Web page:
1. I think you’re misinterpreting the objective of a TED talk and, if interpreted differently, it could actually be of greater value to a broad audience than you’ve given it credit for.

2. I think you’re underestimating the importance of inspiration, empowerment, and passion.

After watching the above video, he summarized:

While we all agree on his points, nothing is being done about them. And I think part of the reason for this is that there are not enough people reminding us of his points. Meanwhile, there are tons of people (such as our own Office of Career Services) telling us all day long (in other formats) that we need to find a job at Goldman Sachs or the World Bank. Maybe it would be more efficient if TED opened offices at the big schools and scared the hell out of people so that they started behaving correctly. The point is that people need to be reminded of these big ideas, even if they already know them.

Enhanced by Zemanta

My problem with TEDx

Battle of the Beards: Paul Krugman eyes his sometime bête noire, Ben Bernanke. TEDx talk at Columbia University’s School of International and Public Affairs. Friday, February 15, 2013.)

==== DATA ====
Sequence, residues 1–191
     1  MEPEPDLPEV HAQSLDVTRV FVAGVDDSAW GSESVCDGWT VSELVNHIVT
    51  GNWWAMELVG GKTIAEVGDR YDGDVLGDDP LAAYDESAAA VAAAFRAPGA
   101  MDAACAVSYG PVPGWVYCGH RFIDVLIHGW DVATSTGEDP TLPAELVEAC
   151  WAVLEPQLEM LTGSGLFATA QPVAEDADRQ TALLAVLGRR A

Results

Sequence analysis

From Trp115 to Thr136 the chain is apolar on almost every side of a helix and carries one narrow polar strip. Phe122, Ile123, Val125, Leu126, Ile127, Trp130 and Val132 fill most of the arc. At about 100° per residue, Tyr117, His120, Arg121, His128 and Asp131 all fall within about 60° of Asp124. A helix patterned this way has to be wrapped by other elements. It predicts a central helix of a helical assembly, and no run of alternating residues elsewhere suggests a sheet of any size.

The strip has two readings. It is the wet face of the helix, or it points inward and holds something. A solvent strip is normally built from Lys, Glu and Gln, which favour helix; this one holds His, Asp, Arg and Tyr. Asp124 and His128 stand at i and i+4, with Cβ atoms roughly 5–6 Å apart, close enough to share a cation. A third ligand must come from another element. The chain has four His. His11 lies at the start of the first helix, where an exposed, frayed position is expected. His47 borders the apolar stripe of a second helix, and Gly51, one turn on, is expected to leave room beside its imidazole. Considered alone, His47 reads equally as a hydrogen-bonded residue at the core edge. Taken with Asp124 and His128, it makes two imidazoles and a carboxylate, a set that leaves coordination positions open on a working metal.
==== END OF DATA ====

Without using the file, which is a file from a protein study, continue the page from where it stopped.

It wasn’t until after all the speeches had ended and everyone was mingling around the makeshift bar outside that I finally made the connection: TEDx is just like church.

I can’t remember the first time I heard about TED, the conference series that emerged into the spotlight rather suddenly several years ago and has become a staple of the socially conscious set ever since. But I distinctly recall feeling mounting skepticism with each new mention of the organization, which was often expressed in near-mythic terms and was almost always unqualifiedly positive.

The first full talk I recall actually watching myself was Dutch General and then-Chief of Defence Peter van Uhm’s TEDx speech in the Netherlands in 2011. I’d been assigned the video for a graduate class in January of last year. The course was on the American military, and the TEDx talk I’d been instructed to watch was titled “Why I Chose the Gun.” Here’s how it started:

Well, ladies and gentlemen, first of all, thank you for giving me an applause before I even started. As the highest military commander of the Netherlands, with troops stationed around the world, I’m really honored to be here today. When I look around this TEDx Amsterdam venue, I see a very special audience: you are the reason why I said yes to the invitation to come here today. When I look around, I see people who want to make a contribution. I see people who want to make a better world — by doing groundbreaking scientific work, by creating impressive works of art, by writing critical articles or inspiring books, by starting up sustainable businesses. And you all have chosen your own instruments to fulfill this mission of creating a better world.

This, as I would soon discover, was as perfect a microcosm of the TED experience (TEDxperience?) as one could find. First, the establishment of his credentials; then, the obligatory salute to the audience; and, finally, the ode to the transcendent ideal of “a better world.” Continue reading My problem with TEDx